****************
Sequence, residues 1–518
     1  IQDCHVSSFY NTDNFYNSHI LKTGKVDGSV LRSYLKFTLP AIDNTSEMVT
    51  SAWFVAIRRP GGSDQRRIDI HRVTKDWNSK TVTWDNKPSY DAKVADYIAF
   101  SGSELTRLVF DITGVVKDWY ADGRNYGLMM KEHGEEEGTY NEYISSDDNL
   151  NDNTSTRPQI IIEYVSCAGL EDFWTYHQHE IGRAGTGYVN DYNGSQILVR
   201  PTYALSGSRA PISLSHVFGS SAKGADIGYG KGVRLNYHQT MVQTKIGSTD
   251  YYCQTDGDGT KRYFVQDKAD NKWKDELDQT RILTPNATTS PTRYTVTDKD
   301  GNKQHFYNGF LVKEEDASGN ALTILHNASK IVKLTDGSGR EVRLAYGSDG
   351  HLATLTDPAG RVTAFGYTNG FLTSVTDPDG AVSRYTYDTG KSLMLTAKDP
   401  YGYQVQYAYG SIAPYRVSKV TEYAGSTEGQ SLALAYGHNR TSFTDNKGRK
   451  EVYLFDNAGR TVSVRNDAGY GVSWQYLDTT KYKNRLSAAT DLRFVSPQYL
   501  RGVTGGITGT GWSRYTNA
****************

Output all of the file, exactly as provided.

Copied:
Sequence, residues 1–518
     1  IQDCHVSSFY NTDNFYNSHI LKTGKVDGSV LRSYLKFTLP AIDNTSEMVT
    51  SAWFVAIRRP GGSDQRRIDI HRVTKDWNSK TVTWDNKPSY DAKVADYIAF
   101  SGSELTRLVF DITGVVKDWY ADGRNYGLMM KEHGEEEGTY NEYISSDDNL
   151  NDNTSTRPQI IIEYVSCAGL EDFWTYHQHE IGRAGTGYVN DYNGSQILVR
   201  PTYALSGSRA PISLSHVFGS SAKGADIGYG KGVRLNYHQT MVQTKIGSTD
   251  YYCQTDGDGT KRYFVQDKAD NKWKDELDQT RILTPNATTS PTRYTVTDKD
   301  GNKQHFYNGF LVKEEDASGN ALTILHNASK IVKLTDGSGR EVRLAYGSDG
   351  HLATLTDPAG RVTAFGYTNG FLTSVTDPDG AVSRYTYDTG KSLMLTAKDP
   401  YGYQVQYAYG SIAPYRVSKV TEYAGSTEGQ SLALAYGHNR TSFTDNKGRK
   451  EVYLFDNAGR TVSVRNDAGY GVSWQYLDTT KYKNRLSAAT DLRFVSPQYL
   501  RGVTGGITGT GWSRYTNA